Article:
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Harris orders review of screening service

2018-04-27

CervicalCheck is to undergo an external review following revelations that it took three years to notify a woman with terminal cancer of missed abnormalities in her initial screen.CervicalCheck is to undergo an external review following revelations that it took three years to notify a woman with terminal cancer of missed abnormalities in her initial screen.The national screening service is also writing to the doctors of women who may have had cancers missed by the US firm that analyses smear tests on behalf of Cervicalcheck. The doctors are being asked to confirm that the women, estimated at 15, have been informed that they were part of a review following a cancer diagnosis. The review examined their screening history and found initial screens had failed to pick up precancerous abnormalities. CervicalCheck began writing to these doctors yesterday. A 2014 audit identified that the initial screening result for Limerick woman Vicky Phelan was incorrect, and abnormalities that led to terminal cancer were not picked up in 2011. In 2014, the 43-year-old mother of two was diagnosed with terminal cancer but it was another three years before she was told the results of the three-year-old audit. Ms Phelan took legal proceedings against both the HSE and the US laboratory, and settled in the High Court this week against Clinical Pathology Laboratories in Texas for €2.5m. The case against the HSE was struck out. It emerged in court that up to 15 other women may have been given incorrect test results — but CervicalCheck could not confirm if all the women had been told. Amid a public backlash at the manner in which Ms Phelan’s case, and the other cases, were handled, Health Minister Simon Harris yesterday instructed HSE director general Tony O’Brien to conduct a review of the national screening service. The Irish Cancer Society (ICS) said an external review “needs to take place to make sure that processes for communicating information about missed abnormalities or missed diagnoses are put in place, and that the responsibility for who must do that is made absolutely clear”. In addition, the society said there may be a need to legislate for a duty of candour in state bodies, “so that patients get the information relevant to them and to stop the same problems happening again and again”. Séamus O’Reilly, consultant medical oncologist at Cork University Hospital (CUH) had earlier warned on RTE radio that failure to conduct a review could jeopardise the screening service. “I would be very concerned if we don’t have a review of the service which is transparent and open that women will not trust the service,” he said. [quote]And that’s not good. We know that that screening saves lives and I think that we are going to jeopardise the service by not being transparent about it.[/quote] Prof O’Reilly also said there should be a transparent structure in place “so that if someone is on the screening programme and they are diagnosed with cervix cancer, there should be an automatic look back in a timely manner. “I would say 3-6 months looking at their previous smears, and then an open disclosure meeting with them at the end of a prescribed period of time where they would be told whether there was something there or not”. Since 2010, the screening history of women diagnosed with cervix cancer is reviewed and the results sent to her doctor, with advice from Cervicalcheck to use their clinical judgment to communic[...]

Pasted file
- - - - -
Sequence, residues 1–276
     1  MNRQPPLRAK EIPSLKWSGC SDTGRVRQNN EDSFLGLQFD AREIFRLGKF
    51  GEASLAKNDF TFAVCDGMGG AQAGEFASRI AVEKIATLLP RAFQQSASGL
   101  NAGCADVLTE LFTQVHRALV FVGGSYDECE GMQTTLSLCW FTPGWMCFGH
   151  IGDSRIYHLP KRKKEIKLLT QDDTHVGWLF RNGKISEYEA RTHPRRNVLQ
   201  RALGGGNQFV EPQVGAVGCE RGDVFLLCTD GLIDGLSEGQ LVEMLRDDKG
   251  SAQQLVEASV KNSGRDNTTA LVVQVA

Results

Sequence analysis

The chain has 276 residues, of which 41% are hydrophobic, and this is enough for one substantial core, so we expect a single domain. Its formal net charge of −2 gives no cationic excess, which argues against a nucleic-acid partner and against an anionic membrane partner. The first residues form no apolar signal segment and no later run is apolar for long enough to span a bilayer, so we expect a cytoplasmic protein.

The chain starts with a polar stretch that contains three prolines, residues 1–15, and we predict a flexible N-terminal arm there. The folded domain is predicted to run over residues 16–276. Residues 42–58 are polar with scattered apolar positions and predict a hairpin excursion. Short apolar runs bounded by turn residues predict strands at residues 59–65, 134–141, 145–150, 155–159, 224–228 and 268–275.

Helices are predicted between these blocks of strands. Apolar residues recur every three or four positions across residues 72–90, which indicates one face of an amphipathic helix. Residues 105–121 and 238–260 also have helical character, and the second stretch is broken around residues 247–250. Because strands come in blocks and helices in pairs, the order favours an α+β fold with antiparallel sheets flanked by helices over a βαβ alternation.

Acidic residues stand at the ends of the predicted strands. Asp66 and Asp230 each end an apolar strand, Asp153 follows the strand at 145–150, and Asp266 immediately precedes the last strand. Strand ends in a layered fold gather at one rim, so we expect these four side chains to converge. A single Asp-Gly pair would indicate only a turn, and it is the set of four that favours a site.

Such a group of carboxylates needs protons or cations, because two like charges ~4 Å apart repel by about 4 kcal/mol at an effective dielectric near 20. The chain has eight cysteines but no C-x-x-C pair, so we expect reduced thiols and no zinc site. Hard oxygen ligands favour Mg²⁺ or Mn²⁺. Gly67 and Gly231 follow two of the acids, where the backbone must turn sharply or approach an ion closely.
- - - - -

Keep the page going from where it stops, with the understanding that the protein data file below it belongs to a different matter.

O’Connell urges smear tests amid Phelan fallout

2018-04-27

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Fine Gael TD and pharmacist Kate O’Connell has said she booked herself a smear test in the wake of the Vicky Phelan case, and encouraged other women to do the same.

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Fine Gael TD and pharmacist Kate O’Connell has said she booked herself a smear test in the wake of the Vicky Phelan case, and encouraged other women to do the same.

Speaking yesterday at the Public Accounts Committee (PAC) hearing, Ms O’Connell spoke of her concern that the missed-diagnosis scandal could lead to women choosing not to get tested.

She said the public must have confidence in the system and stated clearly that the scandal gave her reason to get checked.